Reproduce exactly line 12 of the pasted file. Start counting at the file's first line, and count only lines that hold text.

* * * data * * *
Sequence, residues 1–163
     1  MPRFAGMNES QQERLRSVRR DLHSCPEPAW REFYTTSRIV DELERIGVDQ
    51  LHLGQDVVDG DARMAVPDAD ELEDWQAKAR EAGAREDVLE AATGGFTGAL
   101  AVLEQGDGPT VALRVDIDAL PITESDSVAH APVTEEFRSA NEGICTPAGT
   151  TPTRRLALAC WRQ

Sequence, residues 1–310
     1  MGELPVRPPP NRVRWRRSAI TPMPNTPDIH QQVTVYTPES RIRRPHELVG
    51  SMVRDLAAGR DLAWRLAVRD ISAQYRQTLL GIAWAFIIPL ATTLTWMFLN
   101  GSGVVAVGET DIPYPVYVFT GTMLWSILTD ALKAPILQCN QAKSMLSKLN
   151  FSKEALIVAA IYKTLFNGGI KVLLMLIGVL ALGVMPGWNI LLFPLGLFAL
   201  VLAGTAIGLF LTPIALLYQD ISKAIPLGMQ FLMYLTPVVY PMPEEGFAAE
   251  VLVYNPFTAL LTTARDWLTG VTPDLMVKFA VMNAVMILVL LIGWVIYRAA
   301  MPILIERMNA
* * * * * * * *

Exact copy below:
   251  VLVYNPFTAL LTTARDWLTG VTPDLMVKFA VMNAVMILVL LIGWVIYRAA